Delivering music through mixed media

Kurtis Thomas

For bands creating music today, finding new listeners can be a daunting task. With the cost of entry into music production getting dramatically lower every year, it’s never been easier for a band to record their music and share it online.

For the listener, accessing new music has also become easier — but there’s a lot of it to sift through. Thousands of bands both new and old are posting music daily, and they’re all vying for the commodity most precious to them, your ears’ real estate.

Because of this, Montreal-based band, The Famines, fronted by Raymond Biesinger on guitar/vocals and Drew Demers on drums, are trying something new. After a few quiet years and a line-up shift, the band was eager to release new content, but were finding themselves shackled to the challenges of traditional release methods.

“Mammoth Cave records, out of Toronto, was handling the release of our new LP Too Cool + Other Songs, and they were telling us it was goingto take roughly 11 months turn around time from the moment it was mastered for vinyl, to being pressed and back at our door,” explains Demers. “At the time we were already working on some new material, so we decided it would be best to figure out a way to release a single before the LP was ready, so that we weren’t sitting around for 11 months before touring new music.”

Mammoth Cave has since closed their doors, citing the steeply increasing costs and times associated with music production as one of the reasons.

With the cost and time commitment of vinyl becoming increasingly unwieldy, the band came up with a unique distribution model.

The Famines have a history of convention defying releases — including 8-tracks, a live cassette and even a book — but it was Biesinger’s career as an illustrator which inspired the next step.

Demers describes their new ‘paper release’ as “a 20” by 30” black and white poster on newsprint, sporting an image that has been used recently for several different designs — t-shirts, posters — by The Famines. The poster contains a digital download code that leads to two brand new tracks.”

This new medium of music delivery allows for a symbiotic relationship between music and art.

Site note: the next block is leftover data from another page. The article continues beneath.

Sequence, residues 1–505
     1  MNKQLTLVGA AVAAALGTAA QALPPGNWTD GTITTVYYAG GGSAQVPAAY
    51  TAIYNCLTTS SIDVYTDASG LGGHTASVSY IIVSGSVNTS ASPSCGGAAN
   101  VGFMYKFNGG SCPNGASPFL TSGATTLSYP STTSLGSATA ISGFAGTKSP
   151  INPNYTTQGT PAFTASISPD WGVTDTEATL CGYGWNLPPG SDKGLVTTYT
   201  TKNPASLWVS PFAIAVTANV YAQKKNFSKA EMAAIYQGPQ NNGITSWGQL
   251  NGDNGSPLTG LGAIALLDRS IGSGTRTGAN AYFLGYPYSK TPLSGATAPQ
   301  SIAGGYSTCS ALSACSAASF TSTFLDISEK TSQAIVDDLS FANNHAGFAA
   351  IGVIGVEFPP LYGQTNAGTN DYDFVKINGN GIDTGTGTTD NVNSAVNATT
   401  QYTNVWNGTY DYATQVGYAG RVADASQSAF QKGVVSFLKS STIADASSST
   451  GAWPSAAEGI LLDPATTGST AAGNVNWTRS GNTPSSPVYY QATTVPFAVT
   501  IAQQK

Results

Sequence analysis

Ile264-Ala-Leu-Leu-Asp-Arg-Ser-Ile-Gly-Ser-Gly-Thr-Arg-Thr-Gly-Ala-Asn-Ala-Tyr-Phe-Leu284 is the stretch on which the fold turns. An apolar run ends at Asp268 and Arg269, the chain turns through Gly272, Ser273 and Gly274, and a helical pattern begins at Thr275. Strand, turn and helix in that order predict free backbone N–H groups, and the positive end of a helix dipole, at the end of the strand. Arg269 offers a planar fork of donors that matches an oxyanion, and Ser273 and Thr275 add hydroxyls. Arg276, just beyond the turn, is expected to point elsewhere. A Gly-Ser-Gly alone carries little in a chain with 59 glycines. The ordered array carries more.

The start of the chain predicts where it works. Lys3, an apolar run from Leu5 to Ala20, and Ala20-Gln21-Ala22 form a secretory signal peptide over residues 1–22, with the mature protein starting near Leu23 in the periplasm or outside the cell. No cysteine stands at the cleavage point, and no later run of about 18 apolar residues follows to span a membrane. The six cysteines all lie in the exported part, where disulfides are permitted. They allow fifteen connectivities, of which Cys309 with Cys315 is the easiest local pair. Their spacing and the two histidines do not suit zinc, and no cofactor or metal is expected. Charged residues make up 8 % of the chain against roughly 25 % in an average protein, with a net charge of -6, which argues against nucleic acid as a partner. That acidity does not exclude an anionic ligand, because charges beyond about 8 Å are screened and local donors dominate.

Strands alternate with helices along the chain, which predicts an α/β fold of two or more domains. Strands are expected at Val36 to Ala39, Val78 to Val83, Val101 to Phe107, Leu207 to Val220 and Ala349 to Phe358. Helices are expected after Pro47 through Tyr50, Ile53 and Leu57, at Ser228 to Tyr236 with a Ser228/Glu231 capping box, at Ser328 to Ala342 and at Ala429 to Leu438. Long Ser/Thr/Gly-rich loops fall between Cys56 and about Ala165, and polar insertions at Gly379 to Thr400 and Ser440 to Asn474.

“The front has art that relates to the A-side song, and the back has the integrated B-side, and the download information. It’s a combination of
the flexibility of the digital, but it also has this visual artifact which is quite unique, that I think a lot of people are going to like having on their wall,” says Biesinger.

He further elaborates, “visually I like to make as much as possible using as little as possible. I like having the thrill of economy of line, or shape and expressing as much of an idea as possible without using many materials.”.

“In music, Drew and I have a drum kit, a guitar and my voice. We’re not using any pedals, were not using any special effects or anything like that, again making the most out of as little as possible.”

It’s this relationship between the tangible and audible aspects of the release that elevate it above a mere means to an end. It also provides significant cost savings to The Famines, both on the sides of production and distribution.

At shows, the release will be available for a significantly smaller fee than a traditional physical release would allow, and costs savings will also be felt when the band ships the release nationwide later this year.

Biesinger has high hopes and long term plans for the new medium of music delivery.

“If this experiment and format works out well, we’re going to put out our full length record on paper in August. It just makes sense.”

The Famines played The Princess Café on April 9, listen to the premiere of their new single, “Stay Home Club” | AUX.TV